APPEAL from the Circuit Court of Cook County; the Hon. ARTHUR
L. DUNNE, Judge, presiding.
MR. JUSTICE JIGANTI DELIVERED THE OPINION OF THE COURT:
The plaintiffs, Arquilla-DeHaan Realtors and Al Odegard, filed suit in the circuit court of Cook County seeking injunctive and declaratory relief against the defendants, the Village of Park Forest and the members of Park Forest's fair housing review board. The complaints alleged that Park Forest's fair housing ordinances, contained in chapter 24 1/2 of its Code of Ordinances, were void as against real estate brokers and salesmen. The complaints alleged further that the fair housing review board was without territorial jurisdiction to hear certain complaints then pending against the plaintiffs.
The trial court entered summary judgment in favor of the plaintiffs, declaring the fair housing ordinances void in their entirety as to real estate brokers and salesmen. The basis of the motion for summary judgment was that the ordinances were void under the supreme court's decision in Andruss v. City of Evanston (1977), 68 Ill.2d 215, 369 N.E.2d 1258, and that the State has preempted the exclusive power to regulate real estate brokers and salesmen with respect to fair housing.
The defendants agree that those portions of the fair housing ordinances that provide for licensing of real estate brokers and salesmen are invalid under Andruss. The defendants also express some reservations about those portions of the ordinances which impose a permit requirement on real estate brokers and salesmen. However, the defendants contend that they have a right to otherwise regulate real estate brokers and salesmen and that consequently the nonlicensing, nonpermit provisions of the fair housing ordinances are valid even as to real estate brokers and salesmen.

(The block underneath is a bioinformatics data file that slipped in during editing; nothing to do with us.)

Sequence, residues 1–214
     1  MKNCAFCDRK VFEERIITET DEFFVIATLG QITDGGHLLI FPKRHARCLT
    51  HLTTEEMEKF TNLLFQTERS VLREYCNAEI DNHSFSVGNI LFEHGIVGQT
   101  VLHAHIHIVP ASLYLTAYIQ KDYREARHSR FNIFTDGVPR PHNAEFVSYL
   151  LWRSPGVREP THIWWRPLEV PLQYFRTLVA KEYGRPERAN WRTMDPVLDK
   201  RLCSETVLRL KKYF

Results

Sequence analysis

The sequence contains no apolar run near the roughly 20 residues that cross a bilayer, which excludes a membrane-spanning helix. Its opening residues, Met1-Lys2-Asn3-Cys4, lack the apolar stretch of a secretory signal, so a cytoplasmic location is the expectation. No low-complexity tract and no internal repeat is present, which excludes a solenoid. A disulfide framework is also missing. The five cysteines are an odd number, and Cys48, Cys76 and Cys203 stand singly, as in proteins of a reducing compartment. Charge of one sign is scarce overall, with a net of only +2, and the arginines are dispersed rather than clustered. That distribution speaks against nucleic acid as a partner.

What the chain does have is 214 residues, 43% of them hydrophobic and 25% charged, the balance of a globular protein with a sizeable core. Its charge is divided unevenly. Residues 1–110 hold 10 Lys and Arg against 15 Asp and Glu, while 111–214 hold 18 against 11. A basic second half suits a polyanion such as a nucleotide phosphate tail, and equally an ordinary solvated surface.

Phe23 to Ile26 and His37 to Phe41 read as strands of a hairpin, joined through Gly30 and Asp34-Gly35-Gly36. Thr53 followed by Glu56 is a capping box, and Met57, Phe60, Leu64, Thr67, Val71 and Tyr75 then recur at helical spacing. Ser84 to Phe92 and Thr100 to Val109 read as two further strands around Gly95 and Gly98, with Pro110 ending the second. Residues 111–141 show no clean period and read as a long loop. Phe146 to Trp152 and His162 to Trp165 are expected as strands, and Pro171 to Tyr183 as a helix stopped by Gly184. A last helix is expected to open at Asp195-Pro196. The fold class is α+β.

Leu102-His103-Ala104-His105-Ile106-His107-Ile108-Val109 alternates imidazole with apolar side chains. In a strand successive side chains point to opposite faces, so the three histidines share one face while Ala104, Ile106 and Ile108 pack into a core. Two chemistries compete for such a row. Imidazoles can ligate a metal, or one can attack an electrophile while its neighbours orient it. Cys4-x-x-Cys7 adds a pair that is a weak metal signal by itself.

The fair housing ordinances provide that no owner, lessor, real estate broker or salesman, financial institution, advertiser, or their agents may discriminate against another because of religion, race, color, sex, age, marital status, or national origin in the sale or rental of real estate. Any discrimination shall be considered an unfair real estate practice. The portion of the ordinances admittedly invalid under Andruss provides for licensing of brokers. Of questionable validity under Andruss is the provision that brokers who expect to have their agents solicit real estate listings shall register yearly and apply for a broker's solicitation permit.
Nine acts are listed in the ordinances as examples of unfair practices. One ordinance defines certain prohibited acts. The ordinances also provide complaint procedures. Complaints are filed with the village manager. If the complaint is found to have merit, the village manager may attempt to conciliate the matter. If conciliation is unsuccessful, the matter shall be referred to the fair housing review board for a hearing. The fair housing review board may assess a penalty in the amount of $500. The board may also request that the village president file a complaint with the State of Illinois seeking the revocation of any license issued by the State to violators of Park Forest's fair housing ordinances. The board may request that the president and the board of trustees direct the village prosecutor to file a complaint to recover penalties that it may have assessed or to seek equitable relief. It may also request the president and board of trustees of the village to notify the appropriate contracting agency of the State or Federal government of any violation of the ordinances for purposes of terminating any contracts between the violators and the governmental unit.